100%

Scanned image of the page. Keyboard directions: use + to zoom in, - to zoom out, arrow keys to pan inside the viewer.

Page Options

Share

Something wrong?

Something wrong with this page? Report problem.

Rights / Permissions

The University of Michigan Library provides access to these materials for educational and research purposes. These materials may be under copyright. If you decide to use any of these materials, you are responsible for making your own legal assessment and securing any necessary permission. If you have questions about the collection, please contact the Bentley Historical Library at bentley.ref@umich.edu

September 09, 1977 - Image 25

Resource type:
Text
Publication:
The Detroit Jewish News, 1977-09-09

Disclaimer: Computer generated plain text may have errors. Read more about this.

THE DETROIT JEWISH NEWS

Report Shows Continuing Flow of Western
Armaments to Middle Eastern Countries

By MAURICE SAMUELSON

' LONDON (JTA)—With
new weapons continuing to
flow into the Middle East,
i-nainly from Western na-
'tions, advanced aircraft,
tanks and missiles, includ-
ing battlefield surface-to-
surface rockets, are now
commonplace in the region.
The extent of the build-up
emerges in a report by the
inter 'oval Institute for
St-rat. ..! Studies, "The Mili-
tary Balance 1977-1978." It
shows that virtually every
Middle East country signed
a major arms agreement in
the course of the 1976 and
the beginning of 1977.
In two separate deals,
>Egypt is buying from
France unspecified quan-
>t;ties of Cratale surface-to-
air missiles (SAM) and two
Agosta-class submarines.
The SAMs are due to be de-
livered this year.

,

>--- Syria's arms agreements
were with Austria, France
and Italy. Austria is selling
her 2,000 trucks; France,
2,000 Milan anti-tank guided
wespons and a quantity of
Gazelle helicopters; Italy is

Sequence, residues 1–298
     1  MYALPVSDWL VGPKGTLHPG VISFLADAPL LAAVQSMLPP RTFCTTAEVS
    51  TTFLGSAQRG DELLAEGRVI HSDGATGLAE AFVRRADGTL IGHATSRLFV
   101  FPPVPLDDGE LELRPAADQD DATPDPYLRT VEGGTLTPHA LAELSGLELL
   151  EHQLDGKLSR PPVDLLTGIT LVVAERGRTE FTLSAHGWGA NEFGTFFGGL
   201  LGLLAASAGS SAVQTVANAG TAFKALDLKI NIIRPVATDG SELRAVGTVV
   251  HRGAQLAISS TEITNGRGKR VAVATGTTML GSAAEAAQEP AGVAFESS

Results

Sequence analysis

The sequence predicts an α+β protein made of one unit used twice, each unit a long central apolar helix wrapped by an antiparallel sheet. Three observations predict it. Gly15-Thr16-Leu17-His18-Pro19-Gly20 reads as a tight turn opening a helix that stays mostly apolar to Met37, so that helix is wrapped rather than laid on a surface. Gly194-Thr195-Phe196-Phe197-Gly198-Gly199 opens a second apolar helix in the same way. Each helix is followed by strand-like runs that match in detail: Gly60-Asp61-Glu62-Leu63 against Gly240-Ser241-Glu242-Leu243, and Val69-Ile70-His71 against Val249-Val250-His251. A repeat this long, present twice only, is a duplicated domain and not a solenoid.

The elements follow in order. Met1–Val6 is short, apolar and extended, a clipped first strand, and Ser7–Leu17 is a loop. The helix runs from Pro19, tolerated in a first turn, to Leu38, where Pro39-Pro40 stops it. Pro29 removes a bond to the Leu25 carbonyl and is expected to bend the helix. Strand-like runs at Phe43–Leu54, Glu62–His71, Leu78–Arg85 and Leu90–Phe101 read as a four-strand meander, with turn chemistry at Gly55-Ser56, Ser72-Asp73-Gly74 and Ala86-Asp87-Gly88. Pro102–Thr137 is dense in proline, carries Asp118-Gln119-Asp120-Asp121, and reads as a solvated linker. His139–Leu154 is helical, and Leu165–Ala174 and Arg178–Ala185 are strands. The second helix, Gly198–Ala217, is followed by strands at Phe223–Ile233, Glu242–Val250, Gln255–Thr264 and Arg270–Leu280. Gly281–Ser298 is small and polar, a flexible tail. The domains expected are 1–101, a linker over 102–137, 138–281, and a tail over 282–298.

supplying six helicopters.

— Jordan will receive 14 bat-
Aeries of improved Hawk
SAMs from the United
=States as well as 100 Vulcan

anti-aircraft guns.
Israel's six arms deals,
all with the United States,
were for 125 medium tanks,
guns, self-propelled guns,
Sidewinder air-to-air mis-
siles, as well as 700 ar-
mored personnel carriers
and 200 Tow antitank mis-
siles.
Saudi Arabia will receive
from the United States 2,000
Sidewinder air-to-air mis-
siles, six batteries of im-
proved Hawk anti-aircraft
missiles and 400 Maverick
missiles. Britain agreed to
sell her 11 strikemaster
training aircraft.

Iran contracted the big-
gest number of separate
arms deals in the year
under review — no less
than 12— with Britain sup-
plying Rapier SAMs and
Scorpion tanks; Italy, heli-
copters; and the United
States a wide range of mis-
siles, aircraft and helicop-
ters.

_ A separate section of the

report shows the array of
forces which Middle East
countries deploy. Israel's
medium tank force had
reached 3,000, compared
with 2700 last year. They in-
clude 1,000 Centurion tanks,
650 American-made tanks,

Detroit Jewish Blacksmiths
Had Other Communal Roles

By ALLEN A. WARSEN

>(-- Jacob Lang was Detroit's
first Jewish blacksmith and
- one of its first settlers. In
1850 the United States
›-Census recorded that he
was 34 years old and born .
in Germany. His wife,
Eliza. 30 years old, also
> was born in Germany.
Their son, Joseph, age one,
=was born in Michigan.
Lang, it is worthy of note,
, was a founder of Cong.
Beth El.

Sol Wolfson was another
-,early Detroit Jewish black-
smith. His advertisement in
the "Detroit Yiddish Direc-
tory of 1907" reads: "Horse-
shoeing can be done by any
blacksmith. But not any
blacksmith can really satis-
fy. Only Sol Wolfson is long
known as the best horse-
, shoer in Detroit and doesn't
have to praise his work.

- When your horse injures
his foot and develops blood-
poisoning, don't take it to a
doctor, bring it to me and
the horse will be cured.
"1- .v wagons are made
.,.. r. All work is guaran-
teea.
_ "402 St. Antoine St., cor.
High." (Translated from
1 Yiddish)